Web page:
Title: The Albedos of Kepler’s Close-in super-Earths
Author: Brice-Olivier Demory
Author’s institution: Astrophysics Group, Cavendish Laboratory, Cambridge
Status: ApJ Letters, in press
Kepler, the space telescope that searches for transiting planets, has found a lot of super-Earths, planets a few times larger than Earth but too small to be giant planets. Since these types of planets are not seen in our Solar System, their composition is not well understood. Are they more like Earth, or more like Neptune, or something completely different?
From Kepler and follow-up studies, we can measure the masses and radii of these super-Earths. This gives us the bulk density, but planetary models are degenerate when trying to determine the bulk composition. The bulk density alone, for example, cannot help us distinguish between a planet with a dense iron core and a thick gaseous atmosphere and a rocky planets with little or no atmosphere. The atmospheres of transiting planets have been probed with several techniques such as transmission spectroscopy, occultation and phase curve photometry. So far, only three super-Earths have been characterized using these methods because they require bright planets. Kepler, however, has a wealth of data on super-Earths. Kepler can quickly and easily detect planets that are close in, and therefore transit more often. These close-in planets are highly irradiated by their stars and reflect back a lot of light.
This paper by Brice-Olivier Demory explores the reflective properties of super-Earths and looks for occultations in the Kepler data. Occultations refer to the opposite of a transit. A transit is when the planet passes in front of the star, and an occultation is when the star passes in front of the planet, blocking out the reflected light of the planet. For close in planets, the light reflected off the planet’s surface can be quite bright, and the occultation will produce a noticeable dip in the light curve, but much fainter than the transit. The purpose of this work is to characterize the total emission from the planet, which is a combination of reflected light from the star and the thermal emission from the planet itself.
Demory used three years of Kepler data to select 97 Kepler detected planet candidates with planet radii RP < 2.25 REarth and periods less than 10 days. About 5-15% of these candidates are expected to be false positives. Demory set up stringent criteria the planet had to meet before being including in the sample to reduce the risk of false positives skewing the results. 27 of the original 97 super-Earths met these standards.
Demory used a Markov Chain Monte Carlo algorithm to fit the light curves to constrain the planet properties and find occultations in the data. 9 of the 27 planets show a clear occultation signal. Figure 1 shows a histogram of the planets with and without occultations vs. orbital period. The number of planets that show an occultation decreases with orbital period. This is a good check that these are unlikely false positives since this is the behavior expected for real planets because the occultation signal is harder to detect for planets orbiting farther from their star.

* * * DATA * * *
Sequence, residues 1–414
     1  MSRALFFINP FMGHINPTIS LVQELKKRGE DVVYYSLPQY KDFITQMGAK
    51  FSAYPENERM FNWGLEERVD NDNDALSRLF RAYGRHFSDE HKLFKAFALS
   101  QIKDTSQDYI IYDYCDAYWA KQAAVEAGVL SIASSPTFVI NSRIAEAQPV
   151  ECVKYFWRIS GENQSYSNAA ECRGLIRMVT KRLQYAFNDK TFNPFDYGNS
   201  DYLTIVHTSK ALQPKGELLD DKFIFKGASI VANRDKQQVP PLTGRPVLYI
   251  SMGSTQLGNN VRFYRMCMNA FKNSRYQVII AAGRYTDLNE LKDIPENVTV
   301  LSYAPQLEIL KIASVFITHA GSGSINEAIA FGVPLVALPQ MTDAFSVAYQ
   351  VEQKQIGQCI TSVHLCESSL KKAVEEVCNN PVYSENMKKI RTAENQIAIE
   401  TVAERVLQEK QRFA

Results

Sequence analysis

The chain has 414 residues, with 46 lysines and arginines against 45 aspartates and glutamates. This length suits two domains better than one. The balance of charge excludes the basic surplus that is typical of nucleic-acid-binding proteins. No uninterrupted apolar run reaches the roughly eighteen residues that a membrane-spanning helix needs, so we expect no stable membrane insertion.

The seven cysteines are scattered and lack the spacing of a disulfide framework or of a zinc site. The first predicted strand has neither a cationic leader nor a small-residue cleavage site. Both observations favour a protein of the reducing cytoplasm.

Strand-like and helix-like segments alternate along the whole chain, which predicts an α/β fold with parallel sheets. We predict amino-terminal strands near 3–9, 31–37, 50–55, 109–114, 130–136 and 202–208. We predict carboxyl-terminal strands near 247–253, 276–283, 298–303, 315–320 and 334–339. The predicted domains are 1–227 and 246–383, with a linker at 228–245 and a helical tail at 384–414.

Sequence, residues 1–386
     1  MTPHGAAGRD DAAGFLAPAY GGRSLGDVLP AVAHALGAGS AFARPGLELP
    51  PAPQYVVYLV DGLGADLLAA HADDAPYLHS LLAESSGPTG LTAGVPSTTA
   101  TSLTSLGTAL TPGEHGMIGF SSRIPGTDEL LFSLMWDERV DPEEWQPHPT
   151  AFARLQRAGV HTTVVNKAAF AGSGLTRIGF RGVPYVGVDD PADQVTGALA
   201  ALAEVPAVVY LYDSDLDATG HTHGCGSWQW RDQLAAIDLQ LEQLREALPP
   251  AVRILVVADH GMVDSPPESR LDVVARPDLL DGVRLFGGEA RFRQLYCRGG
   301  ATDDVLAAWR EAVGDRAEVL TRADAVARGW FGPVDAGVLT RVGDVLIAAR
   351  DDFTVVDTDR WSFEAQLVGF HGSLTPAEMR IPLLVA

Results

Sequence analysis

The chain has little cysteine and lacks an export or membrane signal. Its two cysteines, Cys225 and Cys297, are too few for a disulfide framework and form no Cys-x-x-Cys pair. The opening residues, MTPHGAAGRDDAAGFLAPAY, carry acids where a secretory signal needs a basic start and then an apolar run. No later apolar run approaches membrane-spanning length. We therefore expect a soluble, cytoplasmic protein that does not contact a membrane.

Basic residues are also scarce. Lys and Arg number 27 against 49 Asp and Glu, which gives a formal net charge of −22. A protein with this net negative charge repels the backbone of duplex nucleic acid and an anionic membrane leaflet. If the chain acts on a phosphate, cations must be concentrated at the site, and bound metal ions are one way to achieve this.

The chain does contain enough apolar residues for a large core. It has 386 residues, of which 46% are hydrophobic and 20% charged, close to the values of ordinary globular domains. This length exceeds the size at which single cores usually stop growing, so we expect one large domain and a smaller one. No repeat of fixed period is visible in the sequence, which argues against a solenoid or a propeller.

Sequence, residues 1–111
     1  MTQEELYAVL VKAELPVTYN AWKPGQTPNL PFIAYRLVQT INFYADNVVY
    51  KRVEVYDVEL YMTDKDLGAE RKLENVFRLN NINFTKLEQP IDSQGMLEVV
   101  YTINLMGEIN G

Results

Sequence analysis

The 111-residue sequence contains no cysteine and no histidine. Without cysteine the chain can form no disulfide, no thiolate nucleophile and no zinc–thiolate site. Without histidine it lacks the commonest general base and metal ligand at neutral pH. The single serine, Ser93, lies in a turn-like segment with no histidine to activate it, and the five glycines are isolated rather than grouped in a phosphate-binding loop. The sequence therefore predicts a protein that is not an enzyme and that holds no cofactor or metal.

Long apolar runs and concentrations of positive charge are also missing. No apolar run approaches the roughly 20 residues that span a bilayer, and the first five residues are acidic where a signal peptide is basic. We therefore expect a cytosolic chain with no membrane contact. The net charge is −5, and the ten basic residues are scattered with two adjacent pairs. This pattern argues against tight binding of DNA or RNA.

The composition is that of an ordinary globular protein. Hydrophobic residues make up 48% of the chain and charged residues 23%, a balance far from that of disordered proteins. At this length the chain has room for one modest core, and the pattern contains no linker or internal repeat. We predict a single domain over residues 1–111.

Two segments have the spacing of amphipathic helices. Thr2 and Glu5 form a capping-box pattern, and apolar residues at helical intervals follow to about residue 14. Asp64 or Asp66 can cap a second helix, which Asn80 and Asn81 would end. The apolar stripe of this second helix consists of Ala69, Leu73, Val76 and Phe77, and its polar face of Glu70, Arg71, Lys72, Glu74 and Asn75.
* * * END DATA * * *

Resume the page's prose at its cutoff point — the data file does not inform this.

At Kepler wavelengths, both the thermal and reflected light from the planet is measured, so the occultation is not a direct measure of the albedo. For this paper, Demory defines the “total” albedo as a direct translation of the occultation, containing the signal from both thermal and reflected light. Demory also compared the brightness temperature of the planets vs the equilibrium temperature. The brightness temperature is a way of converting the measured brightness of an object into a temperature since, for many astronomical objects like stars, hotter objects are brighter than cooler objects. The equilibrium temperature is how hot an object is expected to be given its distance from the star it orbits. This is how habitable zones for stars are calculated, by determining the location where an object’s equilibrium temperature would be just right for liquid water.
The super-Earths showed a large range of measured albedos and also have larger brightness temperature excesses (over the equilibrium temperature) than hot Jupiters. Figure 2 shows the difference in the brightness temperature and equilibrium temperature vs the equilibrium temperature for the sample of super-Earths (black points) and other known hot Jupiters (green triangles). The super-Earths all have higher brightness temperatures than their equilibrium temperatures and many have larger excesses than is seen in the hot Jupiter population.
To fully understand these data, we need more planetary models and more data for comparison. The reflected light seen with Kepler could come from several sources: 1) reflection off the surface, 2) Rayleigh scattering off particles in the atmosphere, or 3) reflective clouds. Super-Earths with larger albedos seen in this sample should be followed up with more sensitive instruments because they are good candidates to study the composition of their surfaces. In the future, we need a larger survey with better precision measurements to study the characteristics of the population as a whole.